NFL Gets Official Permission To Fly Drones

But not during games, so you'll still have to get your beer the old way

Louisiana Superdome

Louisiana Superdome

David Reber, via Wikimedia Commons CC BY-SA 2.0

Last week, the FAA granted the NFL legal permission to fly drones. The FAA's authorized over a thousand businesses to fly drones, but the NFL is the first major sporting league granted such permission. The rights extend to data collection and video capture, but are limited to times when teams aren't playing. The FAA specifically noted that drones are safer than manned aircraft for this, saying:

the FAA found that the enhanced safety achieved using an unmanned aircraft (UA) with the specifications described by the petitioner and carrying no passengers or crew, rather than a manned aircraft of significantly greater proportions, carrying crew in addition to flammable fuel, gives the FAA good cause to find that the UAS operation enabled by this exemption is in the public interest.

The permission granted from the FAA includes the same 31 standard clauses the FAA has for every drone authorization, whether it's a modified paper airplane or every single already-authorized drone. These include a 400-foot altitude limit, a 100-mph top speed, and a 55-pound weight limit. The NFL can legally fly DJI Phantom 1, DJI Phantom 2, and DJI Inspire drones.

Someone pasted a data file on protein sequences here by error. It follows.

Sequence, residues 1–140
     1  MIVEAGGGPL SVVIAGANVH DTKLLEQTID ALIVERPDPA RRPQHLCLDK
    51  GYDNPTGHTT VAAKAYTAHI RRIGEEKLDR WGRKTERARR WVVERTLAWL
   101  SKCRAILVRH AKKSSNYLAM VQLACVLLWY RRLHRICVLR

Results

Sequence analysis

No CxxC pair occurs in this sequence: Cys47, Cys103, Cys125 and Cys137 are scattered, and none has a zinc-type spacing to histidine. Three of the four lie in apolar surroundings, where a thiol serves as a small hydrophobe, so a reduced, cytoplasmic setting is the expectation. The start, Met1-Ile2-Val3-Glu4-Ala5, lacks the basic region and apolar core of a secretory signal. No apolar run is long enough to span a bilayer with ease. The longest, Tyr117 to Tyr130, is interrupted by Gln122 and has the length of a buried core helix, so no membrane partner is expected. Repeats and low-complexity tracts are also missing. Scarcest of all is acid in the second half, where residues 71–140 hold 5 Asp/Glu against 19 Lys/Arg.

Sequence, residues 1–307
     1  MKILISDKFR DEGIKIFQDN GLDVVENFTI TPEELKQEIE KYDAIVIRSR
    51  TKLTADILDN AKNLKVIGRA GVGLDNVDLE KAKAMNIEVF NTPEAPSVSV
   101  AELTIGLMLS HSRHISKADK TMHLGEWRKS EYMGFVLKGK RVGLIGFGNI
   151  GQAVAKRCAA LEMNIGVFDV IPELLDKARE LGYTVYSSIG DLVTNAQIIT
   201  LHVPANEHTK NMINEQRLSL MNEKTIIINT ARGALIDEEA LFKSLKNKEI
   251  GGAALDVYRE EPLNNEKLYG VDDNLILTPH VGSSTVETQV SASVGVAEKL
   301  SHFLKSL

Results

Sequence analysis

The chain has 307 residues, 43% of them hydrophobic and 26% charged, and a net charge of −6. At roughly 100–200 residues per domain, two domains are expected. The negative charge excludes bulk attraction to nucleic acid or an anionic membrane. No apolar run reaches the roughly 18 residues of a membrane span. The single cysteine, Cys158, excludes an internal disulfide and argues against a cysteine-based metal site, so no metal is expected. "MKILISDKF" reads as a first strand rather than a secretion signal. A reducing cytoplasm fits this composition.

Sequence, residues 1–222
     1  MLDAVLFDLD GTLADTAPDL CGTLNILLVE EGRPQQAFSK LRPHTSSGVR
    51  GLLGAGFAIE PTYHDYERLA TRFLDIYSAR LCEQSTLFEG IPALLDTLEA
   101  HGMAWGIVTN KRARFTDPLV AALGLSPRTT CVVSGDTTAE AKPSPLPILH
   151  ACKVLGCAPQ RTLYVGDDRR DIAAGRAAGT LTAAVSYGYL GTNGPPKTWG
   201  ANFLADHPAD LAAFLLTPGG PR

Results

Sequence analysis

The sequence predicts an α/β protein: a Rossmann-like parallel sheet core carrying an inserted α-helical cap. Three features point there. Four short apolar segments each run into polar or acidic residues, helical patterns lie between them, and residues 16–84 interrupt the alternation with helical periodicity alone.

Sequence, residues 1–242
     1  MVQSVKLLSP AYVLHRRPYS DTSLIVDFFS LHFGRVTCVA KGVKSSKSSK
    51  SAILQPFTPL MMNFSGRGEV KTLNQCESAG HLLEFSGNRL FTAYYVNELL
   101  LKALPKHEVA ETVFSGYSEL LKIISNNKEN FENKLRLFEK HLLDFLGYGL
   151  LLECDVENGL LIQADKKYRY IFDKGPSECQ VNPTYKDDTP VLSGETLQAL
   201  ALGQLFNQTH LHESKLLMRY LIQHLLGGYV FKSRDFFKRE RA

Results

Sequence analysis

The NFL, and NFL Film, the specific part of the organization that will fly the drones, included in their request a note that they will only fly drones over empty stadiiums or during practice with the permission of everyone inside:

NFL Films proposes that it receive an exemption to use sUAS [small unmanned aerial systems, or quadcopters] to gather footage from closed-set locations in and around NFL stadiums (on non-game days) and NFL practice facilities. NFL Films would use the footage for the production of television programs. NFL Films would obtain the consent of all personnel in the stadiums and practice facilities in the vicinity in which the sUAS may operate.

For game days, this change means very little. For ads that play during commercial breaks, expect to see a lot more aerial photography.